November 30, 2015
Diocese of Newcastle
22 September 2015–present
Archdeacon of Lewisham/of Lewisham and Greenwich (2001–2012; title changed 2008)
1987 (deacon) 1994 (priest)
27 August 1951 (age 64) (
University of London, Westminster Institute of Education of Oxford Brookes University
International women s day 2016 bishop of newcastle christine hardman iwd2016
Christine Elizabeth Hardman (called Chris; born 27 August 1951) is a British Anglican bishop and Lord Spiritual. Since 22 September 2015, she has been the Bishop of Newcastle. She was Archdeacon of Lewisham from 2001 to 2008, then Archdeacon of Lewisham & Greenwich from 2008 to 2012.
- International women s day 2016 bishop of newcastle christine hardman iwd2016
- Early life and education
- Ordained ministry
- Episcopal ministry
- Personal life
Early life and education
Hardman was educated at Queen Elizabeth's School for Girls, then an all-girls' grammar school in Barnet, London. She studied economics at Woolwich Polytechnic (now the University of Greenwich), and graduated from the University of London with a Bachelor of Science (BSc) degree in 1973. After this, she worked as an articled clerk and with an estate agency. She later studied Applied Theology at Westminster College, Oxford, and graduated with a Master of Theology (MTh) degree in 1994.
Hardman trained for ordained ministry on a part-time basis with the St Albans Ministry Course (this later merged to become the present day Eastern Region Ministry Course). She is the first Church of England diocesan bishop to have been trained on a part-time course rather than at a residential theological college.
Hardman was licensed as a deaconess at Michaelmas 1984 (30 September) by John Taylor, Bishop of St Albans, at St Albans Cathedral, and served at St John the Baptist, Marykate Street in the Diocese of St Albans from 1984 to 1987. She was made a deacon on 9 May 1987, by John Taylor, Bishop of St Albans, at St John's, Chipping Barnet. She then served as Parish Deacon of St John's for a year. From 1988 to 1991, she was a tutor on the St Albans Ministerial Training Scheme. She served as Course Director of the St Albans and Oxford Ministry Course from 1991 to 1996. She was ordained as a priest in 1994; the first year that the Church of England ordained women to the priesthood. She returned to St John the Baptist, Marykate Street to serve her curacy between 1994 and 1996.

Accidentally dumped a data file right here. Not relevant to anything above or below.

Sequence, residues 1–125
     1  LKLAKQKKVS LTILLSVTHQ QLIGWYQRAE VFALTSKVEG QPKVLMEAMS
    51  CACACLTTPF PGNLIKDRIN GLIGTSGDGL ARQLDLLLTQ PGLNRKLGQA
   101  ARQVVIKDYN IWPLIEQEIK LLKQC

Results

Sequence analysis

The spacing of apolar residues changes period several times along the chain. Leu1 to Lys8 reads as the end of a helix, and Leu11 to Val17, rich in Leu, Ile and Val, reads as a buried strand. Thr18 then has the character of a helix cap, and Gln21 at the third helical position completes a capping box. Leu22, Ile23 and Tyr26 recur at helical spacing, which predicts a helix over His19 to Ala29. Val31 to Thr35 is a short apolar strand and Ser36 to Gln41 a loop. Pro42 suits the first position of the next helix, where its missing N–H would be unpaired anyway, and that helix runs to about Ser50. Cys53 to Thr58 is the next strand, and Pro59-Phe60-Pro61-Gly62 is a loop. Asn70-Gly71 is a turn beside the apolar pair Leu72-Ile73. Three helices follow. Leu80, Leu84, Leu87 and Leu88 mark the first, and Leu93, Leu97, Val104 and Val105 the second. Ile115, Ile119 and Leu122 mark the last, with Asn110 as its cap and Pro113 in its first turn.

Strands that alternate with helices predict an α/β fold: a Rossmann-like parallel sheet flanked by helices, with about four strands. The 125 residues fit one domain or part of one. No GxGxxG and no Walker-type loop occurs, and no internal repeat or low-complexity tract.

Hardman was then Vicar of Holy Trinity and Christ the King, Stevenage from 1996 to 2001, as well as Rural Dean of Stevenage from 1999 to 2001. She was then Archdeacon of Lewisham (the title of the post changed to Archdeacon of Lewisham & Greenwich in 2008) until her retirement from the post on 30 November 2012. She then became an assistant priest at Southwark Cathedral and held the title of archdeacon-emeritus.
She has been a Member of the General Synod of the Church of England since 1998, with a brief break, and was the Prolocutor of the Lower House of the Convocation of Canterbury in the last synod 2010–2015; as a diocesan bishop she automatically became a member of the synod once again in the House of Bishops. On the synod, she has served on the following committees: Eucharistic Prayers Revision Committee, the Dioceses and Pastoral Measures Review Group, and the Ethical Investment Advisory Group. She was involved in the legislation which allowed women to become bishops in the Church of England.
On 2 September 2015, it was announced that Hardman was to become the twelfth Bishop of Newcastle — the second woman to be a diocesan bishop in the Church of England and the first in the Province of York. She became the Bishop of Newcastle when her canonical election was confirmed on 22 September 2015 at York Minster. On 30 November 2015, she was consecrated a bishop by John Sentamu, Archbishop of York, during a service at York Minster. On 12 December, a service of inauguration was held at Newcastle Cathedral during which she was enthroned as Bishop of Newcastle.
Upon the retirement on 30 September 2015 of Jonathan Gledhill, Bishop of Lichfield, a seat in the House of Lords became vacant. With the passing of the Lords Spiritual (Women) Act 2015, the vacancy had to be filled by a woman if one were eligible. As Hardman's confirmation of election had taken place eight days earlier, she became eligible. On 18 November 2015, she officially joined the House of Lords as a Lord Spiritual but tradition dictates that she would only take her place once she had participated in an introduction ceremony. She was introduced to the House of Lords on 26 January 2016, and made her maiden speech on 25 May 2016.
In 1971, at the age of 19, she married; they now have two adult daughters and four grandchildren. Her hobbies including running and cycling; she has completed the London Marathon three times and the Great North Run once.